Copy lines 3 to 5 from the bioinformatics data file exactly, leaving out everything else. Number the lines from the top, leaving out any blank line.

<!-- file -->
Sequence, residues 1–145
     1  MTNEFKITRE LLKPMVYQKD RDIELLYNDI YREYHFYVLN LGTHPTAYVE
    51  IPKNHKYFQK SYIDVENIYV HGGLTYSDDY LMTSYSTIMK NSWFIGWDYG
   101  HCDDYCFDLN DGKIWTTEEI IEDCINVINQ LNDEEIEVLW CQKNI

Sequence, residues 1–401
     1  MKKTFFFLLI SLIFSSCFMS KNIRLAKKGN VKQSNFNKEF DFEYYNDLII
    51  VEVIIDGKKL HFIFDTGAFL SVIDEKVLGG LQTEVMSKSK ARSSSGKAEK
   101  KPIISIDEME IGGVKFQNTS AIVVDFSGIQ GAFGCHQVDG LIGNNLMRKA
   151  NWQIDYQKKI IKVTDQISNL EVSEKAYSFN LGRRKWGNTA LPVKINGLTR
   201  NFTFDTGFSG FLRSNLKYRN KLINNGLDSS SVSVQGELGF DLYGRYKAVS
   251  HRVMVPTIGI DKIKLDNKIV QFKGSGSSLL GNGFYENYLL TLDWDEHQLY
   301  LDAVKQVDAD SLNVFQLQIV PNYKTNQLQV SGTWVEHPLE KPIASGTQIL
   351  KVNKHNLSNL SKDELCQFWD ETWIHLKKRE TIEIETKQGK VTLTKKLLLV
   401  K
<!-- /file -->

    51  IPKNHKYFQK SYIDVENIYV HGGLTYSDDY LMTSYSTIMK NSWFIGWDYG
   101  HCDDYCFDLN DGKIWTTEEI IEDCINVINQ LNDEEIEVLW CQKNI

Sequence, residues 1–401